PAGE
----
The scientific reason why running at night is so much harder

There are only a limited number of hours in a day, but for those who have to pound the pavement in the evening, the race is infinitely more difficult.

With DST and winter time ending, most of us head to the office only to watch the sun begin its descent from our desks. Few things are as heartbreaking as saying goodbye to nature’s source of light before you’ve even had a chance to stop and enjoy it, but when it comes to exercise and fitness, there are only a limited number of hours in a day. Not one to turn around and abandon our fitness goals and those early New Year’s resolutions, we turn to running at night, logging miles under the cover of darkness.

For those who profane early in the morning and run on an empty stomach, the evening run can be a welcome substitute. But if you’ve ever found yourself gasping for breath and sweating profusely, only to look at your watch and find that you’re running slower than normal, there may be a scientific reason why your perceived exertion outweighs your your pace.

According to a recent study conducted by researchers at the Royal Swedish Institute of Technology KTH and published in the European Journal of Applied Psychology, running in the dark is actually more difficult. The researchers asked 15 volunteers to do a series of ten-minute treadmill walks under four conditions: with and without a 25 kg bag, and with and without a blindfold. The treadmill was set at a comfortable pace of 30 minutes per mile, and soldiers were also given a laser warning system if they were about to fall off the back of the treadmill.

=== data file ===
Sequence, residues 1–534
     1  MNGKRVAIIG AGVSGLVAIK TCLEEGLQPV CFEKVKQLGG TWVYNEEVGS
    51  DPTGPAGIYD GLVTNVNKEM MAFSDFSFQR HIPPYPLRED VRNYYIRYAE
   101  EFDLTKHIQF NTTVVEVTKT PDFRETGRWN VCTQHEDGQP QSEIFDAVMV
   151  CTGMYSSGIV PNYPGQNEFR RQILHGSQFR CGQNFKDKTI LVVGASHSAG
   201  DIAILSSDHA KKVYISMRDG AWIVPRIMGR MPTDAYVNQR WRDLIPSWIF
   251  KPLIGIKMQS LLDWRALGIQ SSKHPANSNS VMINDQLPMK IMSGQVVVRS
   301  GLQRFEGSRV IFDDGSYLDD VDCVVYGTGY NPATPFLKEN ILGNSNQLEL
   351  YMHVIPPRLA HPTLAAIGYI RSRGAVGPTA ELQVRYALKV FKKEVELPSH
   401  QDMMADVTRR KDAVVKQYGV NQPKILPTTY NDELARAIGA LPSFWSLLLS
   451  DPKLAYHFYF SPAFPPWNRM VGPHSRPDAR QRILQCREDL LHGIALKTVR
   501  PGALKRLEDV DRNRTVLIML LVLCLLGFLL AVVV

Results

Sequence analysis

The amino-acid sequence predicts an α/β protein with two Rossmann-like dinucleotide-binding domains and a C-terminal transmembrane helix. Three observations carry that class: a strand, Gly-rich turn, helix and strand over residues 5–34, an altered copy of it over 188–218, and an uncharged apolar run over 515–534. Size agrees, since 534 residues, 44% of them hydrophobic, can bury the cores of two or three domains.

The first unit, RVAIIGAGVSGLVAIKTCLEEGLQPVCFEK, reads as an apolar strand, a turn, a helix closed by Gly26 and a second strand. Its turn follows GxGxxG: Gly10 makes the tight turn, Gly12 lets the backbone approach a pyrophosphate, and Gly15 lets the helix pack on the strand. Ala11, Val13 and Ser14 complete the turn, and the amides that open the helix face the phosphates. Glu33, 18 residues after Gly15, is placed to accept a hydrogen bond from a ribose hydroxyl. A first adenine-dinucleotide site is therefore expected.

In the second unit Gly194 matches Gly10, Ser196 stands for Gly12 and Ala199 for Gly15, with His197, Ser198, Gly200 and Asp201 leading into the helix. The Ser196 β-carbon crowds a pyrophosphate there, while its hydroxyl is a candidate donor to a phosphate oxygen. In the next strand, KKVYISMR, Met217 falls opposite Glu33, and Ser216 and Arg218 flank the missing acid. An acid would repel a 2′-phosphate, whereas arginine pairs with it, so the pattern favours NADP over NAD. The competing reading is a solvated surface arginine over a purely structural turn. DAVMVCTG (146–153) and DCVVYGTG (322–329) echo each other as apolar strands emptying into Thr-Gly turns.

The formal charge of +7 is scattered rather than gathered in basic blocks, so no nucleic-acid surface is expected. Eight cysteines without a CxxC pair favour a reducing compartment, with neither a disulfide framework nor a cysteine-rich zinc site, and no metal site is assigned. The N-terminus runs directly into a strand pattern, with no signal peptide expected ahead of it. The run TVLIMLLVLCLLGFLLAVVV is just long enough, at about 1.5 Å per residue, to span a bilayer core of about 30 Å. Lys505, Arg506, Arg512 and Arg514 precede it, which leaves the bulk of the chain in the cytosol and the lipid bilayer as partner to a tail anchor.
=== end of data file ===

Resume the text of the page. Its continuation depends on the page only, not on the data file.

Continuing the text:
The researchers found that oxygen consumption, respiration, and heart rate increased significantly while carrying the heavy bag. Interestingly though, these factors also increased by almost the same amount when adding a blindfold. While the weighted backpack increased oxygen consumption by 20%, wearing a blindfold also increased oxygen consumption by 19%. It turns out that walking with a blindfold on took just as much extra effort as walking with a 25kg bag.

It might seem odd that a blindfold could increase exertion — or at least perceived exertion — in this way, but the researchers noted that when subjects were blindfolded, they were forced to adjust their strides. The steps became 11% shorter and 6% wider, and they also lifted their feet 18% higher. Considering it was on a flat treadmill, this change in stride was purely instinctive.

Although walking is different from running and it should be noted that a blindfold is more disruptive than just running in the dark, it is worth keeping in mind the study results which suggest that similar mechanisms are at work when pounding the pavement during the dark hours of the evening.

In the end, your perceived effort when running in the dark will – in most cases, dramatically outweigh your actual pace. Your times will likely be much slower than if you were running during the day, simply because you have to adapt to your surroundings and your lack of vision. But ultimately it’s the body’s instinctive response and we’d take a slower Strava segment to stumble and fall flat on our face any day.

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